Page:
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Platinum Carbon Black

11/17/15

Thanks for sending this ink our for review, Luxury Brands

The Platinum Carbon Black ink is a pigmented ink, and not a dye-based ink. It's got a matte sheen to it, and it will smear a bit if you lay it down heavily enough, but it's got some really strong water-proof qualities. On good paper (like the coated Rhodia that I use for reviews) this ink is super dark and it behaves itself very well. On copy paper, well, that's a different story. It has a tendency to spread, feather, and bleed.

Not the best behavior, but I'm thinking that this ink is meant to be used in specific circumstances where a person needs a line to be water-fast. Perhaps for art projects where the paper is thick and water might be involved? It's not really my bag, but I've seen people who use all sorts of ink-washing on their journals and planners. I bet this ink would be stellar for that sort of thing. Do you writing, do your ink-wash, keep organized? I bet it works.

Written Review



Close-Ups!
 



Copy-Paper Tests!

 This is where the ink disappoints. I love how deep the black is, but that bleed-through...

Not-Copy-Paper...
 I don't usually show the back of the Rhodia page in these reviews. Almost nothing will show through that paper, so there's usually no point. This time, though, there's some bleed through on the back where I smeared the ink. It's not much, but it's not absent, either. Put enough of this on the page and it'll bleed through.


Color Comparisons!


It turns out that I had several black inks available, and that's really convenient. Carbon might be the blackest black of them all, but Kiwa-Guro seems to have more shine to it.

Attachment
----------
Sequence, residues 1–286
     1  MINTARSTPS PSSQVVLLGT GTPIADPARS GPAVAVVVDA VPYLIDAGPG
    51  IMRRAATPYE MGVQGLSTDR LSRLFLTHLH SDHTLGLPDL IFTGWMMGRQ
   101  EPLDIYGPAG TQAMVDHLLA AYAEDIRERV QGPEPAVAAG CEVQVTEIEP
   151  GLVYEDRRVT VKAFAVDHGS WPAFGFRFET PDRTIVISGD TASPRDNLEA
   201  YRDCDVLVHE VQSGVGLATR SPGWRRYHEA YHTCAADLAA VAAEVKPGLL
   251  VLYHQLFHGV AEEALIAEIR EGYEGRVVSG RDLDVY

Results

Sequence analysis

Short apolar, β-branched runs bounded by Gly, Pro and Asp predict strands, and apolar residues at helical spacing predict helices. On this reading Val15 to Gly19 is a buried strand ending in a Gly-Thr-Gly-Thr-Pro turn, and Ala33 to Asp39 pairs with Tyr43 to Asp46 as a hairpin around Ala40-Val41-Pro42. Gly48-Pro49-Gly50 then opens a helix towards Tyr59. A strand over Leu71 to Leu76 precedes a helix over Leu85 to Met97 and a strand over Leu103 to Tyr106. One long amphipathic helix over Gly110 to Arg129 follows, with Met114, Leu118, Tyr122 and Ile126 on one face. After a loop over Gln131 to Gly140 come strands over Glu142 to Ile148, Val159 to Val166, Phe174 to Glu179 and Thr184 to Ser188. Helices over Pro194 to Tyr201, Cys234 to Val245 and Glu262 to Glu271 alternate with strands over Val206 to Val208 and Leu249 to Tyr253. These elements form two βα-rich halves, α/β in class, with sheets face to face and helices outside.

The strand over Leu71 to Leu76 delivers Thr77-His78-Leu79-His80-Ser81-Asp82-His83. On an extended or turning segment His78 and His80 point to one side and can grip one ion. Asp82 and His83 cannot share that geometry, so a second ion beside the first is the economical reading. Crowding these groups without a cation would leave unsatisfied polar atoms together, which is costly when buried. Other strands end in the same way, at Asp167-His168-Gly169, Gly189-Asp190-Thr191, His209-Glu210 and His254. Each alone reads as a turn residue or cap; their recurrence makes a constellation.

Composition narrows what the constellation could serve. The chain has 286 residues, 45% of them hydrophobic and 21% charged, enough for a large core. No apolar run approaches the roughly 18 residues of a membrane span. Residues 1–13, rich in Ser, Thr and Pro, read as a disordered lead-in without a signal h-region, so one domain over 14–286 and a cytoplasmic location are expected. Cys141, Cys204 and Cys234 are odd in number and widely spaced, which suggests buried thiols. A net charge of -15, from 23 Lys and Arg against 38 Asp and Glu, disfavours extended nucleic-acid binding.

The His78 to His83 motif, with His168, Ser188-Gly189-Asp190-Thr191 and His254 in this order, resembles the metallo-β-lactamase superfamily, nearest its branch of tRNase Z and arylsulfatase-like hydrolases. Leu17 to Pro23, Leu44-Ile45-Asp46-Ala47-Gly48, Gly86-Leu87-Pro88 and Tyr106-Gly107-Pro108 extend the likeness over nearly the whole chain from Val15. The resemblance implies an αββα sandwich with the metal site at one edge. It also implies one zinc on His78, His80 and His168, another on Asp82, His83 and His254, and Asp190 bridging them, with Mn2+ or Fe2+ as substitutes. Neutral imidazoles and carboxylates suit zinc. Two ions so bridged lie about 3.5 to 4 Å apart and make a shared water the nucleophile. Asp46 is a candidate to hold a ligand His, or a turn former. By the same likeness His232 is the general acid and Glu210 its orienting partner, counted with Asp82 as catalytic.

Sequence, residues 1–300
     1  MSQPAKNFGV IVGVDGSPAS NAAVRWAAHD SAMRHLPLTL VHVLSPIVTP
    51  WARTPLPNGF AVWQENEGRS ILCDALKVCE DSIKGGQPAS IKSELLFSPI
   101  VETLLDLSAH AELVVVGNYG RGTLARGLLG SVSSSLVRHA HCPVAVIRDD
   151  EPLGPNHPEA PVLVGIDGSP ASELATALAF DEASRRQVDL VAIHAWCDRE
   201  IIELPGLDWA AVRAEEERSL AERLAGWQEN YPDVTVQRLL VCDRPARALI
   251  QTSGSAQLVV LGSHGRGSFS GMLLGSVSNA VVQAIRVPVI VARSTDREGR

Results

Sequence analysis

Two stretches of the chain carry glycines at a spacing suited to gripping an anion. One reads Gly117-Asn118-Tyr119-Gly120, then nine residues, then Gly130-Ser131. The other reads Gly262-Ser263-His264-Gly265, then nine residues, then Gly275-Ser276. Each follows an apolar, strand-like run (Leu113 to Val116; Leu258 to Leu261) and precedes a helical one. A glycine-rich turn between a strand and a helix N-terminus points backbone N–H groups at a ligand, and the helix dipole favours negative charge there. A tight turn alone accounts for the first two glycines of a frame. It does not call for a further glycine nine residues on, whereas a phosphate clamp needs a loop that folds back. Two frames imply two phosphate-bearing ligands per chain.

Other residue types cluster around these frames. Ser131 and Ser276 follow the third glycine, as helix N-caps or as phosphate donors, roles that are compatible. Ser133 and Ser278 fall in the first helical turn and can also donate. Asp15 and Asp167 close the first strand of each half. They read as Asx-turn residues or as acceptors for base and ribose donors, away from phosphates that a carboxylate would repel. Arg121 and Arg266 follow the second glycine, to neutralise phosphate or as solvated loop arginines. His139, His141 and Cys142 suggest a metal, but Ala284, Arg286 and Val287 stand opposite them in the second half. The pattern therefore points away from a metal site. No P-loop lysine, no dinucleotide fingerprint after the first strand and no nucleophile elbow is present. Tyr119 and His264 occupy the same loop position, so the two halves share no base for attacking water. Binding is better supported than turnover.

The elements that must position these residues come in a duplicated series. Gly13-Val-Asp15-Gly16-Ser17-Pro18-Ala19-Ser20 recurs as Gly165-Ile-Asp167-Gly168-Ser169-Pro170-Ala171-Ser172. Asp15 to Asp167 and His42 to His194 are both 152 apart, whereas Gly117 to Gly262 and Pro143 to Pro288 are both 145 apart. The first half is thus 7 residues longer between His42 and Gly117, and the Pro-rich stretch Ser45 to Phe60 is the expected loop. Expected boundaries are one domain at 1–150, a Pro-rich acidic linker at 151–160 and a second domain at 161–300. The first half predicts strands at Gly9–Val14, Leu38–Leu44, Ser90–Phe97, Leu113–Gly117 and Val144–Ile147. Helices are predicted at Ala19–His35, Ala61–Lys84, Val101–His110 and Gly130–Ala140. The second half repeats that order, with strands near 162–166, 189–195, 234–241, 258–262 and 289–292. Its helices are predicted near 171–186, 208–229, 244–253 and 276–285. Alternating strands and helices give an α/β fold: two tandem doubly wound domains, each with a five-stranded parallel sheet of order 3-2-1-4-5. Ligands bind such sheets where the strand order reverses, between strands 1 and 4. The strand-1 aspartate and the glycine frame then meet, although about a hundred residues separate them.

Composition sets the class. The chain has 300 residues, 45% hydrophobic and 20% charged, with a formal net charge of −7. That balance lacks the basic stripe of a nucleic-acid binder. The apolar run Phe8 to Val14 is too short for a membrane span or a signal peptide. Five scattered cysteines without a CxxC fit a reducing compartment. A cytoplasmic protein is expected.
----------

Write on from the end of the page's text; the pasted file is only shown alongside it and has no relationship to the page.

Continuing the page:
Chromatography!

Two pigmented blacks side-by-side.



Water Drop Test!  Review Video!



Here's the spoiler for that video, with a bonus comparison to Sailor's Kiwa-Guro.


Left: Platinum Carbon
Right: Sailor Kiwa-Guro



I received this ink from Luxury Brands for review, and they don't sell directly. You can find this one at your favorite Platinum dealer. I suggest Anderson Pens , where you can get it in bottles, samples, or cartridges. Probably a sample or a set of cartridges would be the best with this ink.
Post Comment
Duan Yutong said...

I've been using carbon ink for many years as my primary ink for black colour (by Ostrich, based in Tianjin, China). The sole reason I use carbon ink as opposed to other dye-based inks is its unparalleled darkness.
I haven't tried a whole lot of black inks out there but the ones I've used are more like saturated blue, which is apparent especially when the pen writes dry/fine, or when the pen is cleaned.
The only downside is that carbon black tends to stain the pen/converter, and is dryer than average, and thus doesn't work well with EF or some dry pens.